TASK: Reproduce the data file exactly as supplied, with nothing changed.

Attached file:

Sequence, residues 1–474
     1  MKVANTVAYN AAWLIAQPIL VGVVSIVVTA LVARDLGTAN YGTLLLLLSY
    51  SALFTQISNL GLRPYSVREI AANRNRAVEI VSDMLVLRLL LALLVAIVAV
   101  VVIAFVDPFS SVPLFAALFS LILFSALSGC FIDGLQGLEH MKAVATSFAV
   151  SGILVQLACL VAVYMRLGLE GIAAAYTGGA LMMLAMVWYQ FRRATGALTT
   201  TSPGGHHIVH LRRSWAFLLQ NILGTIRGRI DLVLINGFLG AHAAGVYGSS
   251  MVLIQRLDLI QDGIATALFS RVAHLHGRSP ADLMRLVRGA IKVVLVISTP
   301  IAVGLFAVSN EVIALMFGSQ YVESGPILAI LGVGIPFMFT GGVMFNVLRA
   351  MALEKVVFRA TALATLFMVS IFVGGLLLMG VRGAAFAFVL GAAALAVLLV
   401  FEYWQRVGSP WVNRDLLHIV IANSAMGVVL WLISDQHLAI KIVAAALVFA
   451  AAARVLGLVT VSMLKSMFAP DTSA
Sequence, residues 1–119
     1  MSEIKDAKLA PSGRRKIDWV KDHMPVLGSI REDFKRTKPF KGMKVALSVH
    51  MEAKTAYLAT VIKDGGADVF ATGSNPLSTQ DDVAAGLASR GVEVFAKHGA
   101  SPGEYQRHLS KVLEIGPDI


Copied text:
Sequence, residues 1–474
     1  MKVANTVAYN AAWLIAQPIL VGVVSIVVTA LVARDLGTAN YGTLLLLLSY
    51  SALFTQISNL GLRPYSVREI AANRNRAVEI VSDMLVLRLL LALLVAIVAV
   101  VVIAFVDPFS SVPLFAALFS LILFSALSGC FIDGLQGLEH MKAVATSFAV
   151  SGILVQLACL VAVYMRLGLE GIAAAYTGGA LMMLAMVWYQ FRRATGALTT
   201  TSPGGHHIVH LRRSWAFLLQ NILGTIRGRI DLVLINGFLG AHAAGVYGSS
   251  MVLIQRLDLI QDGIATALFS RVAHLHGRSP ADLMRLVRGA IKVVLVISTP
   301  IAVGLFAVSN EVIALMFGSQ YVESGPILAI LGVGIPFMFT GGVMFNVLRA
   351  MALEKVVFRA TALATLFMVS IFVGGLLLMG VRGAAFAFVL GAAALAVLLV
   401  FEYWQRVGSP WVNRDLLHIV IANSAMGVVL WLISDQHLAI KIVAAALVFA
   451  AAARVLGLVT VSMLKSMFAP DTSA
Sequence, residues 1–119
     1  MSEIKDAKLA PSGRRKIDWV KDHMPVLGSI REDFKRTKPF KGMKVALSVH
    51  MEAKTAYLAT VIKDGGADVF ATGSNPLSTQ DDVAAGLASR GVEVFAKHGA
   101  SPGEYQRHLS KVLEIGPDI